But the fact of the matter is that it seems that the individual is a crime victim, which creates protocol as to their rights in Nevada. It also appears that if this person would like to identify themselves, they could do so of their own free will. 

We, as a society, should not act as though we are entitled to certain information, just because it helps us story-tell. That person’s job position is likely constitutionally protected information that Metro could have never provided, even if media sources did. 


The process to obtain case information that has not been provided in press releases includes making a records request. Some of that information can be redacted, and the agency will provide legal citations as to what the basis of confidentiality is. Had this process taken place, gleaning if the civilian involved is being regarded as a victim, thus installing privacy barriers, would have been made certain through the exemption explanations provided.

In an additional reflection, note that information about the suspect was not the line of questioning arising over the weekend. Nobody has asked for a motive. Nobody has seemed to ask where he worked. This is unusual because when there is a mass shooting incident, be it the October 1, 2017, Mandalay Bay tragedy in Las Vegas or the Nashville religious school massacre earlier this year, details about the suspect are generally sought. National interest was sparked about each of those suspects, including Stephen Paddock’s lifestyle and habits and the transgender school shooter’s manifesto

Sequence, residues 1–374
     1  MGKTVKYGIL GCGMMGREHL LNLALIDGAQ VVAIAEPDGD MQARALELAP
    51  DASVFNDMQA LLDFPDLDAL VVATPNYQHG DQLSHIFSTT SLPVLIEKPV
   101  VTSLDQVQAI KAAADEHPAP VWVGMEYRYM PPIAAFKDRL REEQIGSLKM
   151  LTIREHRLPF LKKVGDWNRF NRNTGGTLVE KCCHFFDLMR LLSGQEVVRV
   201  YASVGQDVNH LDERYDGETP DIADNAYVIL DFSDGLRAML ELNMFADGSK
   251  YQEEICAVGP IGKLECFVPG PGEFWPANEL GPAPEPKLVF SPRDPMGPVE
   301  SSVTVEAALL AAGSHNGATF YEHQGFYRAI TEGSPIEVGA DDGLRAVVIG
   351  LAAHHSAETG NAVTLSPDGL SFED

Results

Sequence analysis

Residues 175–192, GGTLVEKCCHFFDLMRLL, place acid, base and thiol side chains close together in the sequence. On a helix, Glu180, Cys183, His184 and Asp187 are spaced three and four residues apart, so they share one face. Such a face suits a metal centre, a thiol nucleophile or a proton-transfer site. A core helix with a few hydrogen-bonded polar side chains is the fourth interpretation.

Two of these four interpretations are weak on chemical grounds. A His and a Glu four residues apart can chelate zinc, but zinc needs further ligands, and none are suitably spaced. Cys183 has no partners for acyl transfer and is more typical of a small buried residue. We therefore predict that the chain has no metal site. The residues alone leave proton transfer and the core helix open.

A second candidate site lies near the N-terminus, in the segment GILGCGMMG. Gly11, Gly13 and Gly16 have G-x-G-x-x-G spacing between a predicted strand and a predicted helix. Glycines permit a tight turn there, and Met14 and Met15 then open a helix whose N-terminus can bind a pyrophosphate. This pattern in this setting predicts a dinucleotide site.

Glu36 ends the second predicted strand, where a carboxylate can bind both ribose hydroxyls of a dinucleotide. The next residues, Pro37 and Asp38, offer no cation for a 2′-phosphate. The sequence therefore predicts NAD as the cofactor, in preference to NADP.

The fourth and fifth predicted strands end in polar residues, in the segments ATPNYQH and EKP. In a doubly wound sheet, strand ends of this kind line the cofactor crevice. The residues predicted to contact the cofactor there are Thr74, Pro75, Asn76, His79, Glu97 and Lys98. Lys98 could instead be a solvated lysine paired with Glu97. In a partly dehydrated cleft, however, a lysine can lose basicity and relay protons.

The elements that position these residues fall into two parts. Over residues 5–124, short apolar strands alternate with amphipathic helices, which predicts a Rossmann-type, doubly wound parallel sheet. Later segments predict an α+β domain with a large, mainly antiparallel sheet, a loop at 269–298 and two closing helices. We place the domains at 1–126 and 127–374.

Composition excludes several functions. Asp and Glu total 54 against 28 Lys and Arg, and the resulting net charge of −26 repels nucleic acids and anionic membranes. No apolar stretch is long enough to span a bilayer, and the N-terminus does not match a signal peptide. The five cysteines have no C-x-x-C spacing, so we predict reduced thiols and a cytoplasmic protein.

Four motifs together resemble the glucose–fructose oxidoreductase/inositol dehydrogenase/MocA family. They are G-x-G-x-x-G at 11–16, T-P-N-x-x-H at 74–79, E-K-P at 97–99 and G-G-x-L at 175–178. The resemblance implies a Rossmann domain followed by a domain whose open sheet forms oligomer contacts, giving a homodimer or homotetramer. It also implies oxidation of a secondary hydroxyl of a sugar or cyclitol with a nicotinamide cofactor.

Perhaps LMVPD could have been more responsive in providing updates, such as a press release when the suspect was officially arrested. As to victims, however, the agency appears to have outlined the process in which to request case information through the records department and receive citations for any details they are unable to provide. 

Given that transparency is within the culture at Metro and a basis of their relationship with the community, I think that they did their job here and certainly the core tenets of it — even if they didn’t include the public in all aspects of their investigation or case progression. But, I’ll remind you that, at times, they do work closely with the media and residents on cases.


Working With the Community 

Remember when Democrat Public Administrator Robert Telles (allegedly, still) murdered a journalist, Jeff German, from the Las Vegas Review-Journal? The RJ helped provide evidence in the case by staking out the murderer’s home and capturing him washing the vehicle used in the crime. The police, under then-Sheriff Joe Lombardo‘s command, had asked the public for help in identifying the suspect just one day prior to his arrest.

Lombardo is now the Governor of Nevada. His first vetoes of a grand total of 75 on the session were three pieces of gun legislation. Lombardo was also an advocate involved in passing Marsy’s Law.

See:(NV Gov Joe Lombardo Loads up Veto Pen Against Democrats’ Gun Laws, More Battles to Come)

Or the time that a serial bombing murderer escaped state prison under Democrat Governor Steve Sisiolak? The state agency didn’t initiate missing inmate protocols for four days, not realizing that he escaped. Local law enforcement and other task force coalition agencies nor the public were alerted for days, thus giving the escaped inmate plenty of time to flee the area. With an urgent response and communications with locals regarding the manhunt, Metro was able to snag the fugitive before he could board a bus to Mexico after a tip came in from a civilian who recognized him from the police flier. 

So, maybe a question didn’t get answered yet. But don’t throw the baby out with the bathwater. In the Turnberry incident, Las Vegas Police were also “good guys with guns.”


Read More:

UPDATE: Democrat Las Vegas Official Robert Telles Arrested, Charged With Murder of Investigative Reporter

Prison Escape of Pipe-Bomb Murderer Is Governor Sisolak’s Fault